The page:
Book 44 – Longitude

Book – Longitude – The True Story of a Lone Genius Who Solved the Greatest Scientific Problem of His Time
Author – Dava Sobel
Year – 1995
Genre – Popular Science
Leant to me by Faye Braggins

A couple of years back, my good friend Faye lent me several books.  To my utter shame, I didn’t read any of them very quickly.  This was silly for Faye has impecable taste, and I should habve realised that the books would be very good.

In time I read the Mitch Albom book, Five People You Meet In Heaven and it was a brilliant read.  Nothing like what I was expecting, but brilliant.  At the beginning of last year’s challenge I read a book of hers called Fallen which again was brilliant.  Nothing like what I was expecting, but brilliant.  And finally I have gotten around to reading one of the other books she lent me, Longitude.  And it was definitely not what I was expecting.

I thought that it was a novel – most likely a seafaring novel considering the name.  After a few pages, I realised that it was not suddenly going to burst into prose and got myself prepared to have a slog.  The reason for this assumption is the rough outline of the book which is sketched out in the opening chapter.

It is basicly a book chartering the search to discover a reliable method of measuring longitude at sea.  It follows the life of the master clock maker, John Harrison, as he takes on many people’s opinions of the best way to do this, including the Royal Astromoner , and and battles to prove that the chronometer is a superior method to tracking lunar distances.  Not the kind of thing that would generally spring to mind as page turning stuff.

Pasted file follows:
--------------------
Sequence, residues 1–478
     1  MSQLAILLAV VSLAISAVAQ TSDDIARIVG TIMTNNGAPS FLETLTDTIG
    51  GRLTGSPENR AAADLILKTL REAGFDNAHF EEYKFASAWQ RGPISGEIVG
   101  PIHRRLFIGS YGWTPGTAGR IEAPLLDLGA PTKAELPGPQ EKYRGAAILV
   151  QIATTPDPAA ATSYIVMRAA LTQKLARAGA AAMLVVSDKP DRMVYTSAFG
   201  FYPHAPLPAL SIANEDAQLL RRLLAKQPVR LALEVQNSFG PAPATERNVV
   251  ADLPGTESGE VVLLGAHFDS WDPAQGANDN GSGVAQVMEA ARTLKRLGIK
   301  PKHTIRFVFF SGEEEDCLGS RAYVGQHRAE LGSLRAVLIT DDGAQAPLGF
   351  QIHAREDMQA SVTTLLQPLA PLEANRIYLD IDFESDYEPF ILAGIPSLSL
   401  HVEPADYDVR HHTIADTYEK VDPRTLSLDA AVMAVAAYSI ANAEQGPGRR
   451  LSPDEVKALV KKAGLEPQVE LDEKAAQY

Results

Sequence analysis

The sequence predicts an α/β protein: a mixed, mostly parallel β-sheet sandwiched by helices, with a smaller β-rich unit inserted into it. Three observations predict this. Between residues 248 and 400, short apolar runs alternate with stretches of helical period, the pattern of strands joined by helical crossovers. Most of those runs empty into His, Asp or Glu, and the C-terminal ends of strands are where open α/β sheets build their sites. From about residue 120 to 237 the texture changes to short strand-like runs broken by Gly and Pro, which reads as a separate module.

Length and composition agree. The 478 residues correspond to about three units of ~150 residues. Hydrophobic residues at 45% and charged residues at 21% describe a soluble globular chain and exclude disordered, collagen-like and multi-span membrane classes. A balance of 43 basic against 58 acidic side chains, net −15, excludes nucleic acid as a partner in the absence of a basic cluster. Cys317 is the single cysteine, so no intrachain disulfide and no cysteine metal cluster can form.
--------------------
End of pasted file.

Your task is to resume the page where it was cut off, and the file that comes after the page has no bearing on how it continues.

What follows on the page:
Yet somehow it is.  There is plenty of political intrigue, sabotage, and neat coincidences to keep the tale interesting, and the whole thing is written very tightly.  Despite having literally no background knowledge on any of this – I didn’t even realise that there had ever been an issue with finding longitude, despite it having once been one of science’s greatest mysteries – I got quite absorbed into the book and really enjoyed it.

The one thing I will say, is that there are still massive gaps in my knowledge.  I am not sure whether this is due to me being a bit dim and not picking up on the ideas that are explained well enough, or if I am being a bit of a geek and bemoaning the fact that there is not adequate expansion on certain things, but either way, I would like to know more than is given about some things which are almost brushed away with a ‘this was a problem at the time, but they solved it in a way that is too difficult to explain so we won’t’.  A small gripe really as it is still crammed with good info. 

All in all, andother hit from Faye.  And definitely not what I was expecting, but brilliant.


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